Shop by the Stars aisle featuring Edward Arnold (1890-1956) vintage movie cards, still photos, ephemera, and other collectibles.
Born Gunther Edward Arnold Schneider in New York, this character actor charmed with his boisterous chuckle throughout Hollywood's Golden Age. He fell in love with acting when he played Lorenzo in The Merchant of Venice in a production sponsored by the East Side Settlement House, and would make his professional debut soon after in 1905. As Edward Arnold he was a bit player for Ben Greet's Shakespearean repertory company and later found himself in support of both Maxine Elliott and Ethel Barrymore. He appeared in several film shorts for Essanay in Chicago in 1916-17, but his love of the stage eventually landed him on Broadway, where he was a mainstay throughout the 1920s. Arnold signed with Universal and made his feature talkie debut in Okay America! (1932). He worked his way up to leads in Diamond Jim (1935), Sutter's Gold (1936), Meet Nero Wolfe (1936), Come and Get It (1936), and was even billed over Cary Grant in The Toast of New York (1937), but the burly baritone with the infectious laugh was always best suited to supporting roles. Most fans know him best from appearances in classics such as Easy Living (1937), The Devil and Daniel Webster (1941), The Hucksters (1947), and most especially in his three appearances for director Frank Capra in You Can't Take It With You (1938), Mr. Smith Goes to Washington (1939), and Meet John Doe (1941). Arnold was President of the Screen Actors Guild in 1940-42, and published his autobiography Lorenzo Goes to Hollywood in 1940. During World War II Arnold sold war bonds and was involved with the USO. Post-war he remained active in the movies and also had a run on the radio in Mr. President from 1947-53. He was with MGM through 1950, then continued to freelance in movies while making a handful of television appearances through the time of his death at age 66. Arnold's final theatrical release was Miami Exposé (1956). In the end, whether he be playing cruel or kind, I remember Arnold best for his chuckle, the best example I can offer when defining the word guffaw.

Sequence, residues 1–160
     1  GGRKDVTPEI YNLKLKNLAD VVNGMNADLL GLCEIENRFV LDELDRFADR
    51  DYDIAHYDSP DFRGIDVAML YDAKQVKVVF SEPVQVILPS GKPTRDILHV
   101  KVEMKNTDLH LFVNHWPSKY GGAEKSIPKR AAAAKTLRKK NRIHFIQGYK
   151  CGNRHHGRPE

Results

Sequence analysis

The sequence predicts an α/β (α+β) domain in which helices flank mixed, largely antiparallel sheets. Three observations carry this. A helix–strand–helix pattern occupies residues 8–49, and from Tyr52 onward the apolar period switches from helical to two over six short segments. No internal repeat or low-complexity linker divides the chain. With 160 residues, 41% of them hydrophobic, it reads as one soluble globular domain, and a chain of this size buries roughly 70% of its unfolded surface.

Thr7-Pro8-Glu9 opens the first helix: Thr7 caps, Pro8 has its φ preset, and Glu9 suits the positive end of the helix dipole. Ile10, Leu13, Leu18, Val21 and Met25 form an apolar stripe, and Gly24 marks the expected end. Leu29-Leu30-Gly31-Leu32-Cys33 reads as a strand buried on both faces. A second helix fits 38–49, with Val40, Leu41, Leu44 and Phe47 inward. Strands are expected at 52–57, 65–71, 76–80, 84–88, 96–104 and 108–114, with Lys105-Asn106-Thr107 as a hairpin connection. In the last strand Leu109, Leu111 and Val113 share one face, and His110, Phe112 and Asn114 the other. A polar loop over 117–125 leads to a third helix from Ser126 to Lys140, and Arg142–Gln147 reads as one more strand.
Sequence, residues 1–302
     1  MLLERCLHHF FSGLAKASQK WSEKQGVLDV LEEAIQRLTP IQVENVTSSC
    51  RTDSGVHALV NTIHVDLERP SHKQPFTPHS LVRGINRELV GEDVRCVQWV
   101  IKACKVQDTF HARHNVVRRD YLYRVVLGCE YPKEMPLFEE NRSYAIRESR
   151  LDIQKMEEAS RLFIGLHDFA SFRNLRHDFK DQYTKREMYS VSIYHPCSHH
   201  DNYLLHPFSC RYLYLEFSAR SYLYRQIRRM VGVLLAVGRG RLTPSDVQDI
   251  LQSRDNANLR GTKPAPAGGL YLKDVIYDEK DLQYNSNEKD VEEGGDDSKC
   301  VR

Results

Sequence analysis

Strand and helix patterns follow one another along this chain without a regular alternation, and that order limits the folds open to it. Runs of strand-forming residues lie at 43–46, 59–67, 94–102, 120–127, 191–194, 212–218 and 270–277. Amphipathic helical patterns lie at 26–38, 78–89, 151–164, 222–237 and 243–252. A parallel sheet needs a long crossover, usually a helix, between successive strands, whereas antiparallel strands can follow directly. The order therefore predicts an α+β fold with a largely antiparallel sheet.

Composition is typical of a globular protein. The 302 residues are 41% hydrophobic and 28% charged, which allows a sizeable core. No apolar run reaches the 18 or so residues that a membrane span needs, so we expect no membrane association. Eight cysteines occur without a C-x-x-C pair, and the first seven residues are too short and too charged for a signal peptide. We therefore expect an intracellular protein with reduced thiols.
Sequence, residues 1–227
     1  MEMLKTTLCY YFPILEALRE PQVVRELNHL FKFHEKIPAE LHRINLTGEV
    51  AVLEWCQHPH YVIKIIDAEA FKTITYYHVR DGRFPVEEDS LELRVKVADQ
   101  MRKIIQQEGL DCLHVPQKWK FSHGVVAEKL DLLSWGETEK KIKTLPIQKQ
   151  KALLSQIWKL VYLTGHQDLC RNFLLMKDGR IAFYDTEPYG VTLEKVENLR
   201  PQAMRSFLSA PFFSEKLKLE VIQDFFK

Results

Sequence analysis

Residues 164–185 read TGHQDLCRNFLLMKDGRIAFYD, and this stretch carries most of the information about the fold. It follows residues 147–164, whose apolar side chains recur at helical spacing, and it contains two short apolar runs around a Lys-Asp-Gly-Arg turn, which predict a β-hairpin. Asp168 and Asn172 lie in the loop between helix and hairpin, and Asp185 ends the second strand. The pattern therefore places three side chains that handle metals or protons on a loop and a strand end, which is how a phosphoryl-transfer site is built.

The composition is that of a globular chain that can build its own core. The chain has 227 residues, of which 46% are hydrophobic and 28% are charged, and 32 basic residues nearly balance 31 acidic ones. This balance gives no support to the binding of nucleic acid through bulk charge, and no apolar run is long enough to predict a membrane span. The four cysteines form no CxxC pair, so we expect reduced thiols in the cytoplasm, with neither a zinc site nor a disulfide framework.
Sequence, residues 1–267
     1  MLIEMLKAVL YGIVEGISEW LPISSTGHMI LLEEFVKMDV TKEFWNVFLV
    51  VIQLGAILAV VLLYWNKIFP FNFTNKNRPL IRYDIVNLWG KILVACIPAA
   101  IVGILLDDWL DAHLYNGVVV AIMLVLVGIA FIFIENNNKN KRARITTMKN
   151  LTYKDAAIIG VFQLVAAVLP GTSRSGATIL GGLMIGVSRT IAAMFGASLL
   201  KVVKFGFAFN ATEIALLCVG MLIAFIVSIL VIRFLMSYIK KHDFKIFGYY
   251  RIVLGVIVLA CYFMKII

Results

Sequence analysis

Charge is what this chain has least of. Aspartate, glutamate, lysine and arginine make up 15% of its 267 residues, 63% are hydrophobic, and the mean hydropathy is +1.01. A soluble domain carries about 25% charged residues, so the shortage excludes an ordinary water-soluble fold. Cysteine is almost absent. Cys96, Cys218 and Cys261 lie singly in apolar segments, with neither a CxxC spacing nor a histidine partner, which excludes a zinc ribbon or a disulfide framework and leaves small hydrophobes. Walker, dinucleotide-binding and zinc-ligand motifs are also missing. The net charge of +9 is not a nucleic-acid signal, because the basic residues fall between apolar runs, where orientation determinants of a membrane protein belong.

Birthday: February 18